Like yesterday the venue is nowhere near anywhere. I sniff the air outside the bus. Cool, overcast, intermittent cats and dogs. I walk into a forest park in the teeming rain. I make for a mushroom shaped pagoda and stand in the shelter for a bit, the forlorn rock singer in a Gore-Tex shell. The rain is making the sound of unbroken applause and screens the surrounding traffic din. Dog walkers disconsolately escort their mutts on their thin chains.

The path weaves through tall trees and leads me to a field, recently reaped of some indeterminate crop. Parts of the park appear to be in a process of re-wilding, others highly managed. Beyond a distant bank of trees I hear the familiar pink noise of a motorway. Four crows amble about and peck among the yellow stubble like officious pitch inspectors. Desultory birdsong broadcasts from the tree line. I hear the naw-nee of a German police siren. The sky is a curtain of pewter.

I take a more rugged path through the woods, coming upon some uninhabited shelters constructed from cut branches in rough A-frames. An animal flits across the track, too quick to identify. I think of our two perspectives — my bipedal elevated view, this ground dwellers low-earth scenario. I can spot danger from a distance, a badger or a rabbit close-up and imminent. I trudge back, an old badger myself, wobbling on two thin legs and keen to get coffee.

Waiting, waiting, waiting. These out-of-town venues are killing us. Cooped up all day with nowhere to go, no city to explore. We attempt to entertain ourselves with chit-chat, some quiz questions, discussing the best method for killing houseflies. We’re under-stimulated and institutionalised. I boil a kettle. Perhaps I’ll make another cup of tea. No wonder I used to drink like a drain on the road, the boredom is crushing.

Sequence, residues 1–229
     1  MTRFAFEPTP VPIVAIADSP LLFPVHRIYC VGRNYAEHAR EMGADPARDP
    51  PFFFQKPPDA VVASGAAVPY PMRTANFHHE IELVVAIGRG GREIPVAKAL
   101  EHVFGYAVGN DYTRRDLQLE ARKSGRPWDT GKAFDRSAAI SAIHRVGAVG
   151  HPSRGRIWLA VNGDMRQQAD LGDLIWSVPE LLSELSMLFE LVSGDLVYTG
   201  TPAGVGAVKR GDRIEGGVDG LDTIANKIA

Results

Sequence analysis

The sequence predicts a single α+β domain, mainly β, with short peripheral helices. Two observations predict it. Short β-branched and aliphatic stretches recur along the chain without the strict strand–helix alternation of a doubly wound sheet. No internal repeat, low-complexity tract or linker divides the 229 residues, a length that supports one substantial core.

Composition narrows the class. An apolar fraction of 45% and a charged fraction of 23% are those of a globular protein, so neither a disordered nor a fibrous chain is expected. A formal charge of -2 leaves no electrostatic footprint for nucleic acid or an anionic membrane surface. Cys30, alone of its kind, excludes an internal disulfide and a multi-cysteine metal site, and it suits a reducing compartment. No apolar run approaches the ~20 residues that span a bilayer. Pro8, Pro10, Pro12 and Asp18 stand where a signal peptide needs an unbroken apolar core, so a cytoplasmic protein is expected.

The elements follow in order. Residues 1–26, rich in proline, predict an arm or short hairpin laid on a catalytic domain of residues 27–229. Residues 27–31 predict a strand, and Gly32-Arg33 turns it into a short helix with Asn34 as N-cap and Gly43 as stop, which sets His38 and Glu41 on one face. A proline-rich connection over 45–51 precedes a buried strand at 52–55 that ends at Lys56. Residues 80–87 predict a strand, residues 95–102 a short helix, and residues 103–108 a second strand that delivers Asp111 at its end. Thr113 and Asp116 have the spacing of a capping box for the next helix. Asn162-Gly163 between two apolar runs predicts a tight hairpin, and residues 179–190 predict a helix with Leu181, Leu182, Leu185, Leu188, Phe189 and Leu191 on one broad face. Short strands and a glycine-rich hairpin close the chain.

In the morning I flop out of my bus bunk at 6AM and watch the sun rise over northern Germany. No one else is awake, all is still. Through the smoked windows I see deep green woods and yellow fields as ground mist burns off in the rising sun. A flat moon floats behind us. Another rosy fingered dawn, another odyssey, another long wait to rock.

Four countries in one day: Germany/Denmark/Sweden/Norway. We’re on an epic 840 mile, 18 hour drive from Cologne to Oslo. I have some schnitzel and pastries in a Danish service station at lunchtime and we answer internet quizzes through much of pretty Sweden. There are gorgeous lakes, pine covered rocky outcrops, picturesque wooden farmhouses.

We pull into our hotel on the outskirts of Oslo around 7:30PM and I go horsing off to find a sushi place 20 minutes walk away. I find myself angling through a college campus meeting a crowd of football players drifting home after a match, big units all. The sushi place proves to be a bit insalubrious so I opt to go back to a student kebab place. They don’t seem keen to serve me so I give up and go to the service station outside the hotel, eying the hot dogs. But I can’t seem to get anyone’s attention there either so admit defeat again and go to my room with a salad cannily purchased en route as back-up. I watch some films on my laptop and drift into a black sleep, my system stunned at the silence and the stillness.